Albert Einstein once said that creativity is more important than knowledge. Having been able dethrone 200 years of Newtonian laws of physics by means of using simple thought experiments, he knew this better than anyone. It’s simple really. You see, if you think about it, finding truth through knowledge alone is slow business. It requires prerequisites and a rigid path that only allow progression through the channels of previous knowledge. This means that you have to rely on the work of others and are forced to assume that any previous knowledge is indeed correct, but ever more troubling is that, if you don’t know something, you can’t go any further. Also, more often than not, knowledge will tell you “it can’t be done”. If we had to rely on the knowledge that no one had ever been to the moon, we never would have gone.

So, while other physicists were following the math in order to make new break throughs, Einstein was busy asking creative questions that didn’t necessarily rely on mathematics or previous knowledge, such as: What would happen if an elevator’s cable was suddenly cut and allowed to free-fall with a man inside it? Because the elevator weighs more than the man, would he fall slower and smack his head on the ceiling as they fell? (The answer is that all things fall to earth at the same velocity regardless of weight, and thus, the man would not smack his head on the ceiling because he and the elevator would fall at the exact same speed—creating a feeling of weightlessness for the man). Truth be told, creativity is a shortcut around all obstacles and problems—even the one’s inside of our own minds.

Regarding this basic principal of creativity, it’s easy to realize how the unstoppable creative force I possessed as a child helped me to traverse overwhelming difficulties, just by believing that I could do things—requiring no proof and no judgement. That power continued until I graduated college. But then, everything changed.

Upon graduating college, a mix of several life-changing events had crippled my confidence—the most devastating of all were the end of my creative music outlet on stage, and the bitter conclusion of a romantic relationship with the only woman I had ever loved at the time. As a result, what emerged was an obsession with academic excellence, and a series of tumultuous romantic flings dotted with casual sex and hard partying meant to save me from despair. Though I kept at writing and continued to dabble in music, my creative flow was weak and growth from its roots was often stunted, resulting in many unfinished products and subsequent self-loathing.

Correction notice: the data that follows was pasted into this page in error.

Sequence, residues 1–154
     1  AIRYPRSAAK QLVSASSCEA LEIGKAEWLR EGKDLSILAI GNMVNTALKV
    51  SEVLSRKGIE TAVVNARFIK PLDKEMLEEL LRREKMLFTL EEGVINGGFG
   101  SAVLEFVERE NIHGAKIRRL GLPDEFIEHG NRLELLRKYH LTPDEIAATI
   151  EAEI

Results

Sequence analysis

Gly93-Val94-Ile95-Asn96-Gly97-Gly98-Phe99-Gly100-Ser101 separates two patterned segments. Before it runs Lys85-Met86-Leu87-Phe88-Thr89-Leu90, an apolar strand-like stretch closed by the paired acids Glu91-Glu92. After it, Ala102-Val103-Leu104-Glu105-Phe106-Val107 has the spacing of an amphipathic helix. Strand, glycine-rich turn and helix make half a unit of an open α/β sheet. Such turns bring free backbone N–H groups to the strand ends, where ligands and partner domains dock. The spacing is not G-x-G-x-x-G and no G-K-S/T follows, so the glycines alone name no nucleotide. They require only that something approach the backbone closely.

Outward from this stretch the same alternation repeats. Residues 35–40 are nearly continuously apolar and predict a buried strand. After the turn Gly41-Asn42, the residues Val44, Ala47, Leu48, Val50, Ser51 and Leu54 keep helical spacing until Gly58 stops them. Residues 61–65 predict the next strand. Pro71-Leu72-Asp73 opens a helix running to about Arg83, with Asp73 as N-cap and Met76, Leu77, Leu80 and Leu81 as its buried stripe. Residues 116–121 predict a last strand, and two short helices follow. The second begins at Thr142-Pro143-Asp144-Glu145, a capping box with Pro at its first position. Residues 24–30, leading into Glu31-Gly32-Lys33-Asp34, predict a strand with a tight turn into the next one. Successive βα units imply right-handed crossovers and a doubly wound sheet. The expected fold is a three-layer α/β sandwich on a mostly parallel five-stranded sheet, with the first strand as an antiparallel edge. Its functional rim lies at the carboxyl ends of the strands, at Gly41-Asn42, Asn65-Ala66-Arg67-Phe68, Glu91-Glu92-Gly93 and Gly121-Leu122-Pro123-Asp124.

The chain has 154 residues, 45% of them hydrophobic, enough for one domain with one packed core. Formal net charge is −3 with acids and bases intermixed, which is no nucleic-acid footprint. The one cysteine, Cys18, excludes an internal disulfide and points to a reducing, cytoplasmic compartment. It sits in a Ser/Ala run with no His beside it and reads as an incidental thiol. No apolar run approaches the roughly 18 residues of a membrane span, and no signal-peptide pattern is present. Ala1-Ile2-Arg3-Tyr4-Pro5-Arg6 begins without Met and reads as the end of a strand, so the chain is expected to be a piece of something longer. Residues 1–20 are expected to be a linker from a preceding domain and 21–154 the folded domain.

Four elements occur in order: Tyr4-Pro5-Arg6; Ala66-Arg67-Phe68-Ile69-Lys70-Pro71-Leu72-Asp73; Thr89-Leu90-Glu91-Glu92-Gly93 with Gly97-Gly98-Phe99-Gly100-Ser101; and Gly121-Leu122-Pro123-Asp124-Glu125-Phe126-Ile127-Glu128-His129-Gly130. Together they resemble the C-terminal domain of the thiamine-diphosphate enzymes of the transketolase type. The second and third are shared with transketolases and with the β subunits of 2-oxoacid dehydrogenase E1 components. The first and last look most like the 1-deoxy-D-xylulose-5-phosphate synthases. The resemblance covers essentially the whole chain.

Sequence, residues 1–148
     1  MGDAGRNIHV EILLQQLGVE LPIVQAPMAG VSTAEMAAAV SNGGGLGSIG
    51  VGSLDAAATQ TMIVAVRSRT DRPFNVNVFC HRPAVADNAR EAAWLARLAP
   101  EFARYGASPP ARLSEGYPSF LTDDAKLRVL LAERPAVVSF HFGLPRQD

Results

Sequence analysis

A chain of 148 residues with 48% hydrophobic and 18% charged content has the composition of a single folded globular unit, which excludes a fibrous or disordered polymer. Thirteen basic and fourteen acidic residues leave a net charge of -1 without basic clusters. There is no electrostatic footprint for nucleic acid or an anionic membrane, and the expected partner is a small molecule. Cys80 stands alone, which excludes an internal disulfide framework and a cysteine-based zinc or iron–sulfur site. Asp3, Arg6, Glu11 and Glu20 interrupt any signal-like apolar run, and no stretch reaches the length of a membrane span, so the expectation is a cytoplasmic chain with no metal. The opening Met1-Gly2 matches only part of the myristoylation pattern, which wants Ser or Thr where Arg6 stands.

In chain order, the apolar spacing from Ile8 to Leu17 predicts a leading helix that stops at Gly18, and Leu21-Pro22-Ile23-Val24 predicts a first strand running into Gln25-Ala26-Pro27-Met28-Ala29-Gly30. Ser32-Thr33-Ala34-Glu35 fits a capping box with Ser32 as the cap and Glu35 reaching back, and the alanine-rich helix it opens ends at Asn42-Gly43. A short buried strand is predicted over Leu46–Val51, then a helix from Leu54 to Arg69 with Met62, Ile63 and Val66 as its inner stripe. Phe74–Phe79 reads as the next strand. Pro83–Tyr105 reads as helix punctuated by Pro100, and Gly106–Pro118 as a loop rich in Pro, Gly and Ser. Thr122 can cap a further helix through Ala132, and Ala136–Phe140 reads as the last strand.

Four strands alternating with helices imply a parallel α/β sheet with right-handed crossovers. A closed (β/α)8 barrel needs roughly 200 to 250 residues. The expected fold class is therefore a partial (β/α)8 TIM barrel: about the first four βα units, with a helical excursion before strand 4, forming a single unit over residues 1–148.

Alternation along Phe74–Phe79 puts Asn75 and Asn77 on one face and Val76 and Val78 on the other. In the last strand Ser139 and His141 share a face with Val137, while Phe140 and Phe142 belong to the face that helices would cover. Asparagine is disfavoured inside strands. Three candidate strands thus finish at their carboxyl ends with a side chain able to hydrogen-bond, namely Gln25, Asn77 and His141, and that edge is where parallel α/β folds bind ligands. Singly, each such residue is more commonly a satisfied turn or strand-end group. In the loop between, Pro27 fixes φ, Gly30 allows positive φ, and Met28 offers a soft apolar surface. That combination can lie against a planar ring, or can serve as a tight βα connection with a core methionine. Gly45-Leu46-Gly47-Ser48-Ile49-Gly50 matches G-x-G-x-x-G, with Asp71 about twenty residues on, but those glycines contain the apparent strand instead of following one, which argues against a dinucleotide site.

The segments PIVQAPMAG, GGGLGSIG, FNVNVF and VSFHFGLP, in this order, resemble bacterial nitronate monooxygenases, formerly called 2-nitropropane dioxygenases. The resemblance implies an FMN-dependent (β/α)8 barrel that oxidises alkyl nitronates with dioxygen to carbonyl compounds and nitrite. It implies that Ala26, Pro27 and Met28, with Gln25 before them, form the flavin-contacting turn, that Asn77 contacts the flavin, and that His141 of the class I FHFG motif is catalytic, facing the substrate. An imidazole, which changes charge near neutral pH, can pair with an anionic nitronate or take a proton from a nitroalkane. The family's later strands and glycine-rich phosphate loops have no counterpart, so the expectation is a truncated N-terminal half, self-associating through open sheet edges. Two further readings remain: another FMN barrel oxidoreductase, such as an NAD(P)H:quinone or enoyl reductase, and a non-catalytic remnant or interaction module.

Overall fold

As an adult, it soon became clear to me that what made me so powerful as a child was my ability to perceive no boundaries for myself, while at the same time, understanding the limitations that others placed on themselves. As I got older, experiencing the conscious pains of deep wounding failure, I became more timid, and began to place those same limitations on myself in the form of harsh self-criticism and a lack of effort to prevent disappointment in myself. The power I had once yielded had waned and left me feeling utterly helpless, floundering in a shallow pool of self-doubt that was especially adept at extinguishing any creative thought that might have come to me. Later, I would learn that no matter how far you fall out of faith, no matter how lost you feel from that inherent power to make things happen, it’s never too late to get it back.

Having lived in Japan for about a year and a half now, I have experienced a return of that special creative power that had nearly died just a few short years ago. The explosion of subsequent creativity stemming from this rebirth has led me to unending happiness and confidence that has extended to heal even the most difficult parts of my life. After 18 months, I have attained the balance that I had sought for so long. Of course the obvious question is, how? The best way to explain this is with a small example: